On a final note, did I mention how ridiculously good my rack looks???  For someone who was always put off by plastic surgery, I am telling you now- I understand why women do this.  They stand up, on their own!!  And they aren’t even finished yet.  I still have three more parts of reconstruction to undergo and another complication with the blood clot is that I have to wait until I am off the blood thinner to undergo more surgery- so I figure everything, including the tattooing should be complete by the holidays.  I’ll just put big red bows on my boobs and dance around.  The height of maturity, I know.  They also look incredibly natural, the part that amazes me most of all.  Dr. Tseng, UCLA.  Tuck that name away for safe keeping.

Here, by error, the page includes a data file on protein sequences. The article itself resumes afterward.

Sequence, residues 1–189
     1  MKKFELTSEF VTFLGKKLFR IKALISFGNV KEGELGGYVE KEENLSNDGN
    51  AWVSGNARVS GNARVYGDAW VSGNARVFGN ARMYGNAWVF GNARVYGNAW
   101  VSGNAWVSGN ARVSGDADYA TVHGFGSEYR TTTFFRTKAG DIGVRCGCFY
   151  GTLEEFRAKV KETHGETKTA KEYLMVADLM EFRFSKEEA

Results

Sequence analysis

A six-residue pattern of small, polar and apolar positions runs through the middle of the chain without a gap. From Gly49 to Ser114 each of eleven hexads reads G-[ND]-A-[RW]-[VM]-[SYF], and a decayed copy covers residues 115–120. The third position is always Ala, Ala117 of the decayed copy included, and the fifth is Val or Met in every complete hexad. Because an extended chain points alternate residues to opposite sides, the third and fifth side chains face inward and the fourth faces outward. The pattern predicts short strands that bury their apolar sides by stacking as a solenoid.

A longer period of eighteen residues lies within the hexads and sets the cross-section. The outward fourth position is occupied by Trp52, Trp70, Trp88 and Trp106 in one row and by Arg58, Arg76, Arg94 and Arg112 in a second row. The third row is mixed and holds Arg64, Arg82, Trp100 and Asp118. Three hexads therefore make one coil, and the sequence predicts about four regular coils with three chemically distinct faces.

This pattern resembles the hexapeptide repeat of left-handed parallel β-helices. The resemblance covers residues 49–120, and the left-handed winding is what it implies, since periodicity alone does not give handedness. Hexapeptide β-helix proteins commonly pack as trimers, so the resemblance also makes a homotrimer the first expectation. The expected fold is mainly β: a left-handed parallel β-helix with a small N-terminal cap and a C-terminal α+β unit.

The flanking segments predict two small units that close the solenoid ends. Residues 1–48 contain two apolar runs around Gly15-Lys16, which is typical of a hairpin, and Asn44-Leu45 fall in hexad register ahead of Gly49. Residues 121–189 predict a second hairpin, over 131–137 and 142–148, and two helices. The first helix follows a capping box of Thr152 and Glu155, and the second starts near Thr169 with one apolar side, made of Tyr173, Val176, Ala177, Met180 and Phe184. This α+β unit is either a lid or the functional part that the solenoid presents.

As this is a monster post it will be awhile before I do another, but I just wanted to assure everyone I am on the mend, I am as optimistic as ever about my healing and future health and I can safely say I will never live long enough to thank everyone who has helped me though this trial.  No one would think it to look at me, but I’m a very lucky girl…

I will be posting pics sometime in the next week- pre and post surgery pics and the heading will read graphic so if those types of things creep you out, please feel free to skip them.  Their sole purpose is to help other women who are facing this surgery so they have a sense of what happens along the way.



  1. You are a Warrior Queen! Xox. Complete with Roman Breastplate. Xox

  2. You rule

  3. No more yanky my wanky. The Donger need food.